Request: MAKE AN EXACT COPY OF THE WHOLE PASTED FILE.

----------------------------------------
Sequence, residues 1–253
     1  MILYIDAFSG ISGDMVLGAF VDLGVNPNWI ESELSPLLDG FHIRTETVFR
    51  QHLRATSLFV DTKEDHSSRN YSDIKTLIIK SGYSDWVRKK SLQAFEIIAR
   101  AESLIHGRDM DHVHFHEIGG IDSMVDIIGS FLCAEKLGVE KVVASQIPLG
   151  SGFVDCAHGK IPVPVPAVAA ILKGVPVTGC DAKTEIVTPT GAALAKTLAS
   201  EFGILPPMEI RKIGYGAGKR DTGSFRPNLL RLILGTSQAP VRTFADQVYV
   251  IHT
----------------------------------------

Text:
Sequence, residues 1–253
     1  MILYIDAFSG ISGDMVLGAF VDLGVNPNWI ESELSPLLDG FHIRTETVFR
    51  QHLRATSLFV DTKEDHSSRN YSDIKTLIIK SGYSDWVRKK SLQAFEIIAR
   101  AESLIHGRDM DHVHFHEIGG IDSMVDIIGS FLCAEKLGVE KVVASQIPLG
   151  SGFVDCAHGK IPVPVPAVAA ILKGVPVTGC DAKTEIVTPT GAALAKTLAS
   201  EFGILPPMEI RKIGYGAGKR DTGSFRPNLL RLILGTSQAP VRTFADQVYV
   251  IHT